Zoë Randle from Butterfly Conservation highlights why butterflies are so important for farming and wildlife on farmland and recommends the RSPB Farmland Butterfly Survey method for monitoring them. This methodology is being used in the Volunteer Monitoring of Farm Wildlife project which will enable farmers to understand the wildlife on their farms and how to best manage habitats for them.

Image: (c) Butterfly Conservation 

Butterflies are indicators of a healthy environment and healthy ecosystems. Areas rich in butterflies and moths are rich in other invertebrates. These collectively provide a wide range of environmental benefits, including pollination and natural pest control. Find out what butterflies are on your farm by using this simple method to monitor their numbers.

Butterflies are the best-studied UK insects by far, providing vital insights into the changing state of wider biodiversity and the ecosystem services, such as pollination, that depend upon it. Across the UK butterflies are declining, overall 76% of the UK’s resident and regular migrant butterfly species declined in either abundance or occurrence (or both) over the past four decades. Most worryingly, several species of widespread butterflies, such as those found on farmland are among those that are declining most rapidly. This is of great concern not just for butterflies but for other wildlife species and the overall state of the environment.

Environmental conditions are deteriorating for the majority of species, which is likely to reflect a decline of other widespread insects, having knock-on impacts for animals further up food chains.

How healthy is your farm for butterflies?

We have developed a simple method to enable farmers, or volunteers from the RSPB’s Volunteer Monitoring of Farm Wildlife, to monitor the butterflies on their farms. In addition to this, the data collected from farmers and or volunteers will contribute to the National (UK) recording scheme for butterflies - Butterflies for the New Millennium (BNM).

How do I count the butterflies on my farm?

All you need to do is undertake a 15-minute count in five different parts of the farm on a fortnightly basis from mid-May to the end of August. A minimum of five visits is required, although move visits are welcomed. Subsequent counts should be done in the same five places on the farm.

Butterflies are fair weather creatures, so you need to ensure that the weather conditions are suitable for butterfly activity. Before doing your counts, please ensure that the weather is dry, the temperature at least 13°C in sunny conditions, or at least 17°C when cloudy and windspeed is lower than 5 on the Beaufort scale (Fresh Breeze - Small trees in leaf begin to sway). Counts should ideally be made between 10:45 and 15:45 hours, although counts will be accepted from between 10:00 and 17:00 hours, providing weather conditions are suitable for butterfly activity.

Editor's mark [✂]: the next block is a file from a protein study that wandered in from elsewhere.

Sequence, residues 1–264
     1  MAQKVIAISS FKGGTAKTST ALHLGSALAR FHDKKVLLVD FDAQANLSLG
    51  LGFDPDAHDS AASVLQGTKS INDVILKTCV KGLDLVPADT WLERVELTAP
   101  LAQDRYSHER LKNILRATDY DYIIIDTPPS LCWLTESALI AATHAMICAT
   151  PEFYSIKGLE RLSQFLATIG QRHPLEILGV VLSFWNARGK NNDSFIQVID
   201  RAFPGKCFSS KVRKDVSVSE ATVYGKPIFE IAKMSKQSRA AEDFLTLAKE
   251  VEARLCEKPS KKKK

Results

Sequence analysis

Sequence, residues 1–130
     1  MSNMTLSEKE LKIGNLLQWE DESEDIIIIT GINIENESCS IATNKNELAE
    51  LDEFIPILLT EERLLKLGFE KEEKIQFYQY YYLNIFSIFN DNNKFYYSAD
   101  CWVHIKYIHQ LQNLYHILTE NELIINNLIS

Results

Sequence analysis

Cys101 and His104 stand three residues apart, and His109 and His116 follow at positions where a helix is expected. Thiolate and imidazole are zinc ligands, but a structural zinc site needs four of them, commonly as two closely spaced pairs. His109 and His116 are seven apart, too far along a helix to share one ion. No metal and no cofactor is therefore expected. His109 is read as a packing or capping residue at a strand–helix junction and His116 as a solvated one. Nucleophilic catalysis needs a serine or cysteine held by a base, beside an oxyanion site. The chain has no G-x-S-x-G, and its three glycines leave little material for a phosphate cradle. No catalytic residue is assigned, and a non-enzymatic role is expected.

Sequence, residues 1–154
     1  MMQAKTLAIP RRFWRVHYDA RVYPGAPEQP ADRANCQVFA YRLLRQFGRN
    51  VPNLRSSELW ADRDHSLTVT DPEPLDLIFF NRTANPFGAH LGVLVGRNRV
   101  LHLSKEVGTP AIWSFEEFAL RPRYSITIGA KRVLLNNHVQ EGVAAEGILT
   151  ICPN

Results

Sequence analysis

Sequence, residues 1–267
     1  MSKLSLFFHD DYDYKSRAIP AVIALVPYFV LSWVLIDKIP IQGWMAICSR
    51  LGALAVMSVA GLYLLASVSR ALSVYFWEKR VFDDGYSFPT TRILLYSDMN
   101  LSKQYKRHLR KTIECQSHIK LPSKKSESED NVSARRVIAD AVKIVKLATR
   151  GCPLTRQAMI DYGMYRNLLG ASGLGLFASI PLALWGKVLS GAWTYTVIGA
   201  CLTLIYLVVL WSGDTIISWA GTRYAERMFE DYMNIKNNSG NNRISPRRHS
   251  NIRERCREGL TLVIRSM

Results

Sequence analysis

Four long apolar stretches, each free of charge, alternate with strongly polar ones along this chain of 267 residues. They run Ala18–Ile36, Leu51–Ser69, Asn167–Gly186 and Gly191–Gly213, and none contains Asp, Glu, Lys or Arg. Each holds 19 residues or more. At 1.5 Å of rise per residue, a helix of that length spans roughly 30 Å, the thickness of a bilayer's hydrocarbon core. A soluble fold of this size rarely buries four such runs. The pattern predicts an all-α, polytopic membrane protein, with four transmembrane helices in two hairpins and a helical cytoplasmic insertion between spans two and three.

During each 15-minute count you should pace yourself evenly across the area to be surveyed and count all butterflies close enough to be clearly identified but try to avoid double counting where possible (e.g., when an individual butterfly repeatedly flies in and out of your immediate vicinity, only count it once). Try to keep moving in one direction and do not count butterflies behind you. Take a consistent approach between each sampling occasion.

Image: (c) Butterfly Conservation 

Your counts can be logged via the RSPB Farmland Volunteer Butterfly Survey activity that has been set up in iRecord (www.brc.ac.uk/irecord). If you have the iRecord smartphone app you can link the activity to your phone and log counts in the field as you go using the General Survey mode within the iRecord app. If you do not have a smartphone you can use the RSPB Farmland Volunteer Butterfly Survey recording form and submit your counts via the RSPB Farmland Volunteer Butterfly Survey activity on your computer when you return from the field.

For further information on getting involved in the Volunteer Monitoring of Farm Wildlife please contact farmsurveys@rspb.org.uk.
Other resources:
Butterfly Conservation
Butterflies for the New Millennium Recording Scheme